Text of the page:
The old road had quite a bit of water, running down it to the beaver pond. The water level was quite high in the pond and it was starting to rain now so we pushed on to Eagle Ridge. We stopped at the top to have a quick lunch. The rain started coming heavy so we headed back to the vehicles. We were all soaked by the time we got back to the vehicles but we’re quite happy that the first two hours were dry. 7 km, 3 1/2 hours.
Thanks to Les and Norris for the photos.
|Destination||Maud Island and petroglyph at mouth of Morte Creek|
|Date||22 March 2023, Wednesday|
|Trip Coordinator||Vic Gladish|
|Contact Info||250-285-2111; or 250-287-0459 text|
|Description||According to Joy Inglis’s “Petroglyphs of Quadra Island” there are several petroglyphs located along Quadra’s west shore at the outflow of Morte Lake creek just east of Maud Island.
We will put in at the Leishmans Rd shore access by 1000 am and paddle north towards Maud Island. It is about a 1 hr paddle to the old village site of Kawstin at the outflow of Morte Lake creek. Depending on the amount of time spent here we may or may not paddle another 30 minutes into Maud Island and perhaps hike to the Seymour Narrows view point.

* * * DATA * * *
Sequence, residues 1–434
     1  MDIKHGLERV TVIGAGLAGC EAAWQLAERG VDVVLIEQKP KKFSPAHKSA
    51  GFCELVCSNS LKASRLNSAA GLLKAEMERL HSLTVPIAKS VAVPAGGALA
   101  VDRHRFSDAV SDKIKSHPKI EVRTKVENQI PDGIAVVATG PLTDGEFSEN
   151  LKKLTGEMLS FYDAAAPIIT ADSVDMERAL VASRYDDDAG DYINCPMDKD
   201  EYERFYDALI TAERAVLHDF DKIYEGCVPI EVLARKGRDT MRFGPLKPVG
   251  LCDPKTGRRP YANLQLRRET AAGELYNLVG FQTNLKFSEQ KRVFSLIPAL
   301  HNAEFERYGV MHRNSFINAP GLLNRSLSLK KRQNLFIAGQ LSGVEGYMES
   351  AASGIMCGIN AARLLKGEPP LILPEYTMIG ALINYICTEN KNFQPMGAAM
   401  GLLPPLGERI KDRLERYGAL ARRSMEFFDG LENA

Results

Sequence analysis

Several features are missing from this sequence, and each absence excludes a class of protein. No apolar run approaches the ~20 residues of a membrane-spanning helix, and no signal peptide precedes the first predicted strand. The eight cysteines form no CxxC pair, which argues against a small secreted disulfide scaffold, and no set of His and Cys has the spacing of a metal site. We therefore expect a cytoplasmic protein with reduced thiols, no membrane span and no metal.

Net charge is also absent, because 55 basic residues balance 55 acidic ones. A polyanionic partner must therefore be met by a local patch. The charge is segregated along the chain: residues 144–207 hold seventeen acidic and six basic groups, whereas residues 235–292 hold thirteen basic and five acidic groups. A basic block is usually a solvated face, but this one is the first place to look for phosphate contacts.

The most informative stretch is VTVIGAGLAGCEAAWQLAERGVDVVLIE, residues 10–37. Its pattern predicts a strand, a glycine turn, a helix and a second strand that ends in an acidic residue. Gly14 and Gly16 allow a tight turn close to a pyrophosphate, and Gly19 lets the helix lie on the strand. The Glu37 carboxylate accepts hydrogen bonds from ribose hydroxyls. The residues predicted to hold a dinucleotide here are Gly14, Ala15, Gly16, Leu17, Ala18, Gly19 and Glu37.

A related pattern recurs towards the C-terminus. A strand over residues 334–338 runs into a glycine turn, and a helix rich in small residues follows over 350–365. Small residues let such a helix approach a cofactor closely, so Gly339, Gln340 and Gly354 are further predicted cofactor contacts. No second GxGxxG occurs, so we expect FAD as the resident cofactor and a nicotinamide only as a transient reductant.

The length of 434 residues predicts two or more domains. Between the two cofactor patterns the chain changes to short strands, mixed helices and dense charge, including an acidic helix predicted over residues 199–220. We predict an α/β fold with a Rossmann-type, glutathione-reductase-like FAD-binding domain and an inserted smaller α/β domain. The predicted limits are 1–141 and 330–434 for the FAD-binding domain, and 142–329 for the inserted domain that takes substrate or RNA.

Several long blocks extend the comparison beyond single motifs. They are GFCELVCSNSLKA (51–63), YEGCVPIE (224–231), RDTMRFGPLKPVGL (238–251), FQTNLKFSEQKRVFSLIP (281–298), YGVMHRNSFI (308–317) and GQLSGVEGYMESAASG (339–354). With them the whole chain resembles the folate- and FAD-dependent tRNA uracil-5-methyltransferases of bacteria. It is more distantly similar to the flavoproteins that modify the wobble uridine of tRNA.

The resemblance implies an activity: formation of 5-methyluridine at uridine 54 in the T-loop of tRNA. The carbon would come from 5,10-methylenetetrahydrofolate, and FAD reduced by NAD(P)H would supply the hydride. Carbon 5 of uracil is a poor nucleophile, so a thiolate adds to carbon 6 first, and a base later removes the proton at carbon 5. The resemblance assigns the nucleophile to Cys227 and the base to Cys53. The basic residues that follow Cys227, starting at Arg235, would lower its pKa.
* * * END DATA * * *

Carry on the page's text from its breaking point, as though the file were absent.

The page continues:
|Meeting Place||Shore access at Leishmans Rd|
|Departure Time||1000 on the water; meet at 0930|
||Moderate depending on weather and currents.|
|Notes:||The tides/currents will be a factor. In order to view the petroglyphs I am planning our arrival for low tide with less attention to what the current will be doing. Poor weather and/or wind will mean this trip will be cancelled.
All participants must be equipped for ocean paddling in cooler weather – required equipment as per club guidelines (https://qioutdoorclub.files.wordpress.com/2018/07/paddling-guidelines-aug2018.pdf) and appropriate clothing.
I will email to each participant the petroglyph information relevant to the location.
Bring lunch, hot drinks, extra warm layers and something to sit on.
Eight club members welcomed the New Year with a (very) brisk walk around Rebecca Spit on Monday January 2, making the full loop from the Sasquatch parking lot north to the point, then heading back down via the campground to Heriot Bay road, and back to our cars. We moved to the west side of the Spit to have our Hot Chocolate social out of the light north-east wind.
The trail was surprisingly deserted and only one sailboat (of sorts) was anchored in Drew Harbour. Despite the washout on Heriot Bay Road, the Spit and trails were in good condition.
All New Year’s diet resolutions were postponed until Tuesday as we enjoyed our sweet snacks and hot chocolate (many thanks to Les and Diana for the delicious treats). (6.1 km; 1.5 hours walking)
Valerie van Veen